Rudolf Diesel was vain, oversensitive, and paranoid. His stubborn and persistent disposition clouded his ability to make friends, while his sanctimonious bluster alienated those even in his own field. He was revolutionary, a Renaissance man in a Victorian era, a mechanical Michelangelo, painting with grease and gears, pressure and heat. He enjoyed opera, played classical piano, spoke three languages fluently, only wore tailored suits, and took long walks daily. Diesel was as comfortable discussing poetry, language, and art as he was the properties of thermodynamics, the efficiency of steam, and—most importantly—engines. By 1913, thousands of engines bearing his name were puffing away noisily in factories around the world, but all was not well. On September 29, 1913, during a particularly cold crossing from Antwerp to England, Diesel stepped over the stern railing of the steamship Dresden—and jumped.
Diesel’s body was found floating near Norway 10 days later. Conspiracy theories flourished.
Diesel’s Early Life
Rudolf Christian Karl Diesel was the second of three children, born on March 18, 1858, to Elise and Theodor Diesel, Bavarian transplants living in Paris. When the Franco-Prussian war broke out in 1870, Diesel’s family was forced to leave France. They settled in London, but Diesel was sent to his father’s hometown of Augsburg (about 40 miles northwest of Munich) to live with his aunt and uncle and learn their native tongue.
Diesel found school easy and had decided early on that he wanted to be an engineer, probably with the encouragement of his uncle, who taught mathematics at the Royal County Trade School. Diesel accepted a scholarship to attend the Royal Bavarian Polytechnic of Munich against his parents’ wishes; they wanted him to return to London to start working, but Diesel insisted on completing his education.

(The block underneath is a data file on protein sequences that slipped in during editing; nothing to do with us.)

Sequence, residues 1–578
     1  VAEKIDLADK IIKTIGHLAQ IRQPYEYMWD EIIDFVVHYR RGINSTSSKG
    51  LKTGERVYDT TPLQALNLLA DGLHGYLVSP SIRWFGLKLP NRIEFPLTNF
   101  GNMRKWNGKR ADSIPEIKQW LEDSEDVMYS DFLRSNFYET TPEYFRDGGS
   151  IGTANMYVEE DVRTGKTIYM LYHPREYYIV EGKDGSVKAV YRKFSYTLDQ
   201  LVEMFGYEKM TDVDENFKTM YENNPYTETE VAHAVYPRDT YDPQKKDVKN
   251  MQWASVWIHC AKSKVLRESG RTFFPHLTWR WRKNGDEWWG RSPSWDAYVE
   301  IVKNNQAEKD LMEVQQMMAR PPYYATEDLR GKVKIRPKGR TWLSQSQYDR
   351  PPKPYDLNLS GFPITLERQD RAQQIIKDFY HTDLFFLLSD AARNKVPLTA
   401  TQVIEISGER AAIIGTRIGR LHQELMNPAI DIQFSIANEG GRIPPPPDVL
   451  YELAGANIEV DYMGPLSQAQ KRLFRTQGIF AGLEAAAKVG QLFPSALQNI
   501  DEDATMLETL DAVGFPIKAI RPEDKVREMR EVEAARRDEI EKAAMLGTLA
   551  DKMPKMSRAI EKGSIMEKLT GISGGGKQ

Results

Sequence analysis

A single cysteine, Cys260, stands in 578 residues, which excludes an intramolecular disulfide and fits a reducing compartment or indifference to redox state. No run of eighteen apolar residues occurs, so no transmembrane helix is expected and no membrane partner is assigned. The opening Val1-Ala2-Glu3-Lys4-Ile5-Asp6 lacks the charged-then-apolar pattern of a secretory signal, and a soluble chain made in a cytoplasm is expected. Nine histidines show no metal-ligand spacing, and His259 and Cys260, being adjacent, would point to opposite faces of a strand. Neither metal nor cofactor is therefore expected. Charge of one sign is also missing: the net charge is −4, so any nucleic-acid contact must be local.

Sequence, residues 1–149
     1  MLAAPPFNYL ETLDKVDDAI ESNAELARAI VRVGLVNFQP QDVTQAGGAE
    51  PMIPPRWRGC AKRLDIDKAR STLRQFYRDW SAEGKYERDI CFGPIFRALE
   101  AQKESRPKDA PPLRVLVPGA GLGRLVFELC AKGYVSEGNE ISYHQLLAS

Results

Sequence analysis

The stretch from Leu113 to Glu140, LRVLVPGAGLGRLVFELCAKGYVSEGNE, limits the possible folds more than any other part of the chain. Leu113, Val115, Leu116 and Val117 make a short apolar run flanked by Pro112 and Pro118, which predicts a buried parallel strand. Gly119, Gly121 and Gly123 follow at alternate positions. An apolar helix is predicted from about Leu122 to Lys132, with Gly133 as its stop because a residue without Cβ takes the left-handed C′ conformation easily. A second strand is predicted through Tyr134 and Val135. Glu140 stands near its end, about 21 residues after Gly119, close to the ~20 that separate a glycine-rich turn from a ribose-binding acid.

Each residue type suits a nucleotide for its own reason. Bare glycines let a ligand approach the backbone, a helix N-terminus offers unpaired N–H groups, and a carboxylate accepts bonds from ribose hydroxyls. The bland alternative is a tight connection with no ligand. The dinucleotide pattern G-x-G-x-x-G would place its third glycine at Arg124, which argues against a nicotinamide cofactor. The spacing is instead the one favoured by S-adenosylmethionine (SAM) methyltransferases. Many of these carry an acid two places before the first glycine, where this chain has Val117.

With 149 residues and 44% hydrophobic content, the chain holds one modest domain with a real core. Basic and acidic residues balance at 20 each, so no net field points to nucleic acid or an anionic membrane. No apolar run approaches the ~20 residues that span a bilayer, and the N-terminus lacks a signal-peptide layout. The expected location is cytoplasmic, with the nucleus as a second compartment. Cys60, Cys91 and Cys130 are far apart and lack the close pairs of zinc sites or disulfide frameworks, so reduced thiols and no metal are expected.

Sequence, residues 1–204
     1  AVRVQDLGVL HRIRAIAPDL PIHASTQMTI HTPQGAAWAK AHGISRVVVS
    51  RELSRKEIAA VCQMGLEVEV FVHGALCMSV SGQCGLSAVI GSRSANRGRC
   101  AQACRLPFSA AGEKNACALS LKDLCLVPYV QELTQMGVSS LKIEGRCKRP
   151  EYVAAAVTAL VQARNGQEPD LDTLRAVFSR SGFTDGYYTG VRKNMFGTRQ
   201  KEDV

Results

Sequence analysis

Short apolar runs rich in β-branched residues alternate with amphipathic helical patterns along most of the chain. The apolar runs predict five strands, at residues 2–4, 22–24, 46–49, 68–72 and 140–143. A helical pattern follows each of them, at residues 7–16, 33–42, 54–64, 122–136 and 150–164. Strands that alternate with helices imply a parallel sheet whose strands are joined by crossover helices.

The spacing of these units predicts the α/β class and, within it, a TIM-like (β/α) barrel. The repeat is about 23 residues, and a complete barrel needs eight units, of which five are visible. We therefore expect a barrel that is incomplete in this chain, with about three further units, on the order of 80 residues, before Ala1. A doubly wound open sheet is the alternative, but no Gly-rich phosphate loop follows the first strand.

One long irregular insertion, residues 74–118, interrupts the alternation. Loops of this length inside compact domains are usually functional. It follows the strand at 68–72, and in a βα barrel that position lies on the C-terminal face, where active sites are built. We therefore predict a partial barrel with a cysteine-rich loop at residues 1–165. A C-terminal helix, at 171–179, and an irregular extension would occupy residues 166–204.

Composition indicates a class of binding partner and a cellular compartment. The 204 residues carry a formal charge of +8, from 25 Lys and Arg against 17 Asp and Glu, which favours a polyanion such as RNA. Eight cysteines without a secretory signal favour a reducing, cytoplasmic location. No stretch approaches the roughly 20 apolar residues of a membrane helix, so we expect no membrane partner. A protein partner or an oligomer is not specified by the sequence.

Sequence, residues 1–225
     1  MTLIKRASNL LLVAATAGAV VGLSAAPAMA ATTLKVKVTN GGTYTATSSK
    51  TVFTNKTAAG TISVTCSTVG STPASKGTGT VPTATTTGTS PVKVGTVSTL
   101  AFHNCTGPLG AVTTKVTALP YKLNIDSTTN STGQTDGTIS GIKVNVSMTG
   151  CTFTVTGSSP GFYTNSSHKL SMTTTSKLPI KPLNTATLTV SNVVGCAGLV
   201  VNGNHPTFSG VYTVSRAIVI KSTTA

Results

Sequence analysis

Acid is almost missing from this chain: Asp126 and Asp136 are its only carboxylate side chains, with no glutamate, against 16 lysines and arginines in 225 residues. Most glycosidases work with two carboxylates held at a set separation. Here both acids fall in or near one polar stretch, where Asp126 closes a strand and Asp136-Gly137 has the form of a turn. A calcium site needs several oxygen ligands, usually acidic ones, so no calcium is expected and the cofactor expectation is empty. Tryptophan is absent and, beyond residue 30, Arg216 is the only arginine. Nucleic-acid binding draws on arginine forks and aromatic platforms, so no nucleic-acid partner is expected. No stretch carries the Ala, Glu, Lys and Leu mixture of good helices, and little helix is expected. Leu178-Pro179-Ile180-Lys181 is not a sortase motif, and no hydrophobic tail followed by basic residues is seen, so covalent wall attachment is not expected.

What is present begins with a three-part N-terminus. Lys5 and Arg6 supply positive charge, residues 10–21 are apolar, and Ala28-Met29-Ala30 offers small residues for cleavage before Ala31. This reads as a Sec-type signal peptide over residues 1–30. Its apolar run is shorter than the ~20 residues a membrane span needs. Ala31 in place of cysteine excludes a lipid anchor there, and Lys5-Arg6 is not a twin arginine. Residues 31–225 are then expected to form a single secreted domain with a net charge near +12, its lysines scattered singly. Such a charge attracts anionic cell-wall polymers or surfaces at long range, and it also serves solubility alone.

“Diesel patented a design for his engine on February 28, 1892.”
While at the university, he studied under Carl von Linde, inventor of the reliable refrigeration unit (Linde AG is the leading manufacturer of refrigerators in Europe). Von Linde’s lectures influenced Diesel, sparking his interests in engines, as did the 1824 publication of Nicholas Carnot, Reflections of the Motive Power of Fire. Carnot’s theories about the efficiency of engines laid the groundwork for the future study of thermodynamics.
Early Career and Family
After a bout of typhoid fever put him in the hospital just before his final university exams, he had to graduate six months later than the rest of his class, in January 1880. He returned to Paris and became the director of von Linde’s refrigeration plant. The numerous patents he filed on behalf of the Linde Company showed his acumen for engineering, but his heart and mind were into engines, as he was formulating a plan to create an engine more efficient than steam. His first engine nearly killed him as he again spent many months in the hospital and suffered eyesight problems for the rest of his life.
In 1883, Diesel was married to Martha Flasche with which he had sons Rudolf Jr. and Eugen, and a daughter Heddy. In that same year, Diesel published a book titled Theory and a Rational Thermal Engine to Replace the Steam Engine and the Combustion Engines Known Today. It described engines that relied on a high air temperature caused by extreme compression of the fuel to ignite it, which eliminated the spark plug.
In 1885, Diesel set up shop in Paris to begin development of his compression ignition engine. The process would last 13 years.
Diesel patented a design for his engine on February 28, 1892; the following year, he explained his design in a paper called “Theory and Construction of a Rational Heat Engine to Replace the Steam Engine and Contemporary Combustion Engine.” He called his invention a “compression ignition engine” that could burn any fuel: It ignited by introducing fuel into a cylinder full of air that had been compressed to an extremely high pressure and was, therefore, extremely hot.